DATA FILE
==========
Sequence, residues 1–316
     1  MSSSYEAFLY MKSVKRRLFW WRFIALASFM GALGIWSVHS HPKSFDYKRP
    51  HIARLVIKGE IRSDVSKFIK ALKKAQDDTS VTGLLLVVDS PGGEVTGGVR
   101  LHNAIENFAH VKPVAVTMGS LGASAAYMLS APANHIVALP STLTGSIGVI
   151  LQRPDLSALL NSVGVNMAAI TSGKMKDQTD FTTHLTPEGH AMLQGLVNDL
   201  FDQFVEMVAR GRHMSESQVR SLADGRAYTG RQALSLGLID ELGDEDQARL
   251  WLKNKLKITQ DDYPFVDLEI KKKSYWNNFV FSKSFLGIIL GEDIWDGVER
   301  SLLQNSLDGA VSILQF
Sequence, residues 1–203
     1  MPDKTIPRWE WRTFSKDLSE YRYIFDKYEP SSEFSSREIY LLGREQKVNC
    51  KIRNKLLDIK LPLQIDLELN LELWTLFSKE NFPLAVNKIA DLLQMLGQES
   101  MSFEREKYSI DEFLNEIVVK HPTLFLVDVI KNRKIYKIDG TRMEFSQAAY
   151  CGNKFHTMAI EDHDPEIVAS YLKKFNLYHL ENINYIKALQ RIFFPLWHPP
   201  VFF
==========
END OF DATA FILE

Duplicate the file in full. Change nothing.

Sequence, residues 1–316
     1  MSSSYEAFLY MKSVKRRLFW WRFIALASFM GALGIWSVHS HPKSFDYKRP
    51  HIARLVIKGE IRSDVSKFIK ALKKAQDDTS VTGLLLVVDS PGGEVTGGVR
   101  LHNAIENFAH VKPVAVTMGS LGASAAYMLS APANHIVALP STLTGSIGVI
   151  LQRPDLSALL NSVGVNMAAI TSGKMKDQTD FTTHLTPEGH AMLQGLVNDL
   201  FDQFVEMVAR GRHMSESQVR SLADGRAYTG RQALSLGLID ELGDEDQARL
   251  WLKNKLKITQ DDYPFVDLEI KKKSYWNNFV FSKSFLGIIL GEDIWDGVER
   301  SLLQNSLDGA VSILQF
Sequence, residues 1–203
     1  MPDKTIPRWE WRTFSKDLSE YRYIFDKYEP SSEFSSREIY LLGREQKVNC
    51  KIRNKLLDIK LPLQIDLELN LELWTLFSKE NFPLAVNKIA DLLQMLGQES
   101  MSFEREKYSI DEFLNEIVVK HPTLFLVDVI KNRKIYKIDG TRMEFSQAAY
   151  CGNKFHTMAI EDHDPEIVAS YLKKFNLYHL ENINYIKALQ RIFFPLWHPP
   201  VFF